Monthly Archives: October 2014
James Hansen 20 OCT 2014
The essential spur required to phase down fossil fuel emissions is a rising carbon fee. Only a few major nations must agree, e.g., China and the United States. Most of the world would follow, induced by the desire to avoid border duties and modernize energy infrastructure.
Other things are needed, especially technology development, but those things will be hastened by a rising carbon fee.
So why is an agreement on a carbon fee at [the United Nations Climate Change Conference, COP21]* in Paris in December 2015 not a foregone conclusion?
The old excuse, that it would be costly, has been shot down. A steadily rising carbon fee, if it is revenue neutral via 100% dispersal of the funds to the public, stimulates the economy, increasing jobs and the GDP (see REMI study commissioned by Citizens Climate Lobby).
(For more, go to this link.)
*The 21st yearly session of the Conference of the Parties (COP 21) to the 1992 United Nations Framework Convention on Climate Change (UNFCCC) and the 11th session of the Meeting of the Parties (CMP 11) to the 1997 Kyoto Protocol**. The conference objective is to achieve alegally binding and universal agreement on climate, from all the nations of the world. Leadership of the negotiations is yet to be determined.
**The Kyoto Protocol was adopted in Kyoto, Japan, on 11 December 1997 and entered into force on 16 February 2005. There are currently 192 Parties to the Protocol. The Kyoto Protocol implemented the objective of the UNFCCC to fight global warming by reducing greenhouse gas concentrations in the atmosphere to ‘a level that would prevent dangerous anthropogenic interference with the climate system’. The Protocol is based on the principle of Common but Differentiated Responsibilities: it puts the obligation to reduce current emissions on developed countries on the basis that they are historically responsible for the current levels of greenhouse gases in the atmosphere.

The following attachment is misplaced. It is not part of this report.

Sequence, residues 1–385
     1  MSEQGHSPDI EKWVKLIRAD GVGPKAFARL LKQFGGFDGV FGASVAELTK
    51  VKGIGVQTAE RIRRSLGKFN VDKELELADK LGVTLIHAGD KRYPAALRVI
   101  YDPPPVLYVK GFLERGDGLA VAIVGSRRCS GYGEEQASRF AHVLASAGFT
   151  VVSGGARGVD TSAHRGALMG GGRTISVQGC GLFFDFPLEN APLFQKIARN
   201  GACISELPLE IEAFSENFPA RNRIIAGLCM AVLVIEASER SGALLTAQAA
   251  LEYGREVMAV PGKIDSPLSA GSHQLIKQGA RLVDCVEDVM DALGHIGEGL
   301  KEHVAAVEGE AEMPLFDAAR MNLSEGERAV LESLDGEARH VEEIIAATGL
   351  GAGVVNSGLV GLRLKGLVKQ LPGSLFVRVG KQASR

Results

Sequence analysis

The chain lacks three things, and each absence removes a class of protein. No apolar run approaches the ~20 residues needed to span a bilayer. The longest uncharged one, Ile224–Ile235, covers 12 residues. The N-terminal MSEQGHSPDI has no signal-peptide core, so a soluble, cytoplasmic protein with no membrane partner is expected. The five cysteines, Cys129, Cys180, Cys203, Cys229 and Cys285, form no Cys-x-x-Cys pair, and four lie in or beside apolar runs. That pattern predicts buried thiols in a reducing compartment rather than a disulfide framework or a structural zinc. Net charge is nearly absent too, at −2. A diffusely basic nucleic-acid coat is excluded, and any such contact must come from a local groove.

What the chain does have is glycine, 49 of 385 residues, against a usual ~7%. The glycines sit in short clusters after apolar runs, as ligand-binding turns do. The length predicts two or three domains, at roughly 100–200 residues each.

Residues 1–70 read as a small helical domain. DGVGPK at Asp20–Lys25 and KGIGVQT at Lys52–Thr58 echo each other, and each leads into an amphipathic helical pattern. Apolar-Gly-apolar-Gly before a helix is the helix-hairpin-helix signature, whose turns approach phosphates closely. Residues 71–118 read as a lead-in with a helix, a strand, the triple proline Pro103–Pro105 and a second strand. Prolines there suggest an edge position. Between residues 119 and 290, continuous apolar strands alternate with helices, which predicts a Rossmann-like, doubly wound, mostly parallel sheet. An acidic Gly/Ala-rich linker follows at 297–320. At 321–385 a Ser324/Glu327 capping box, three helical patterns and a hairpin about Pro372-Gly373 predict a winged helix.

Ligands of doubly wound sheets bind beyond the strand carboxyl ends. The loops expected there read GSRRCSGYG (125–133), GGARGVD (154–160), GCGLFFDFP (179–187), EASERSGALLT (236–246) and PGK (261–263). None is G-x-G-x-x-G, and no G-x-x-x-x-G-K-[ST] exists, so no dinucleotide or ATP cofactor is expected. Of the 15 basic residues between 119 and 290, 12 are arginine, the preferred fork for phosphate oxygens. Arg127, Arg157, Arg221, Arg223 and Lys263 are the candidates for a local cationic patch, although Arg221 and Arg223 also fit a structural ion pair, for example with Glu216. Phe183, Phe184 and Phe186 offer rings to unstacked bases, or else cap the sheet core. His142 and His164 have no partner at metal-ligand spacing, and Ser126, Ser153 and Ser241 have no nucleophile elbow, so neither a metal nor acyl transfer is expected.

In my 6 November 2012 blog posting titled “Intentional Ignorance,” I quoted something Julia Allen Field said in Miami around the time of the first Earth Day Teach-In in 1970:
“We are using the Earth as if we were the last generation.”
In that piece I offered my own version of her statement:
Humanity is systematically taking apart the life-support system of Planet Earth for humans.
Now comes a measure of the depth of this action from the World Wildlife Fund‘s Living Planet Report.
That report is the world’s leading, science-based analysis on the health of our planet and the impact of human activity. Knowing we only have one planet, WWF believes that humanity can make better choices that translate into clear benefits for ecology, society and the economy today and in the long term. From the WWF web site on the new report comes this summary:
“[The] latest edition of the Living Planet Report is not for the faint-hearted. One key point that jumps out is that the Living Planet Index (LPI), which measures more than 10,000 representative populations of mammals, birds, reptiles, amphibians and fish, has declined by 52 per cent since 1970.